Byon October 10, 2016
By Vida Li Sik
Feeling “blue” every now and then is common to all of us and eventually passes. It is not to be confused with depression which is a common, serious, but treatable illness.
Maybe you’ve messed up at work and lost an important contract, or you’ve put on kilos instead of losing them on a diet, your best friend is angry with you or your girlfriend has just broken up with you. Now you feel like there is no tomorrow, you are “down in the dumps” and don’t think things can get any worse.
All these are normal and legitimate reasons for feeling sad for a while, and they can just as easily disappear after a good night’s sleep.
Depression is an entirely different kettle of fish.
What differentiates “the blues” from depression is the duration of symptoms. Someone who’s feeling ‘blue’ today may be feeling better a few days later, the difference with depression, however, is that the sadness or the “blues” do not go, they persist for two weeks or longer.
Sometimes a traumatic event like a hijacking or the loss of a loved one could be the reason why someone feels depressed. In such cases, and depending on the severity of the symptoms, a counsellor, psychologist or psychiatrist will be better-equipped to help you work through your feelings make a diagnosis and offer treatment.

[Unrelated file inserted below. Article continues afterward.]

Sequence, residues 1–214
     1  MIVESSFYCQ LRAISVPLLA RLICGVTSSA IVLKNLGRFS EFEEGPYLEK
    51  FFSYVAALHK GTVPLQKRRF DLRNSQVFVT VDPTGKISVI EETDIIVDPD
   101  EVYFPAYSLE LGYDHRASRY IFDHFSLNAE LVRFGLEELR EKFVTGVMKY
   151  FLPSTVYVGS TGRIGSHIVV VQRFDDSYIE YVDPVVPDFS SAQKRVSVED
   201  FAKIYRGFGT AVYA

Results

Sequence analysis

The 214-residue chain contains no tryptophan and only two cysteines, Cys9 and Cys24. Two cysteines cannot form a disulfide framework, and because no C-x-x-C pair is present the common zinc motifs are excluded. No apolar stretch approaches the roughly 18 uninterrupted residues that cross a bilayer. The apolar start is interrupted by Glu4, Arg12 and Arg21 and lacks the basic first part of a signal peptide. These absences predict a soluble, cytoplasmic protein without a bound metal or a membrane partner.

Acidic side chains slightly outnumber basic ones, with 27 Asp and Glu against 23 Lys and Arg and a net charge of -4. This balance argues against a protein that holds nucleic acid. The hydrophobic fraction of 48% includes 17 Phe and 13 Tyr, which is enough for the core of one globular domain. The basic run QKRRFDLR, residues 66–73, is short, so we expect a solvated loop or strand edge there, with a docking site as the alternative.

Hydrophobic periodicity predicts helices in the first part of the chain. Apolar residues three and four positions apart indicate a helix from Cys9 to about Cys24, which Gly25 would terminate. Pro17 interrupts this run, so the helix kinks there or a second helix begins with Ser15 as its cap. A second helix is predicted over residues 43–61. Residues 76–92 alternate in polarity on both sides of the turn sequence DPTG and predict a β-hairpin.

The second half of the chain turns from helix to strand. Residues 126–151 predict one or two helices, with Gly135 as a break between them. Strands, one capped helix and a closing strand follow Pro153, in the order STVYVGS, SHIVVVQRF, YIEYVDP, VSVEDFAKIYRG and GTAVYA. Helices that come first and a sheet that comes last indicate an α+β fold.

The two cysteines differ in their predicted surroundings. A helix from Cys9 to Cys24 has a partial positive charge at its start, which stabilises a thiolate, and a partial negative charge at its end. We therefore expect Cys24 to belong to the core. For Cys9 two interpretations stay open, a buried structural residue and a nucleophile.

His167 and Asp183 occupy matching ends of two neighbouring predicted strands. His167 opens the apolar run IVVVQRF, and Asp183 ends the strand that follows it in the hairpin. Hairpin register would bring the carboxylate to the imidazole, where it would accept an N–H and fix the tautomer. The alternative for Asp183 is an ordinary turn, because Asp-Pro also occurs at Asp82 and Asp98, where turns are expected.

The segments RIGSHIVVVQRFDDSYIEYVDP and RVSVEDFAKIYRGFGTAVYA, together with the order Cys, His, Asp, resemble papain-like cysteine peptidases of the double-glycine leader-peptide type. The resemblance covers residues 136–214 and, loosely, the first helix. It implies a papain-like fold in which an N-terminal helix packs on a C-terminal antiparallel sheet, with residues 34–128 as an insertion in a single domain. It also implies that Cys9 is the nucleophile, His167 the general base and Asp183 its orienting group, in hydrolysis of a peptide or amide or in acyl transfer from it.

Some of the symptoms of depression include depressed mood, irritability, loss of interest or pleasure in activities you previously enjoyed, disturbed sleep, appetite, libido and energy and thoughts of suicide.
Today is World Mental Health Day and you can check your mental health by completing a questionnaire on the South African Depression and Anxiety Group’s website, www.sadag.org. You can also get more information or help by calling their Toll-free Helpline: 0800 12 13 14 or SMS line: 31393.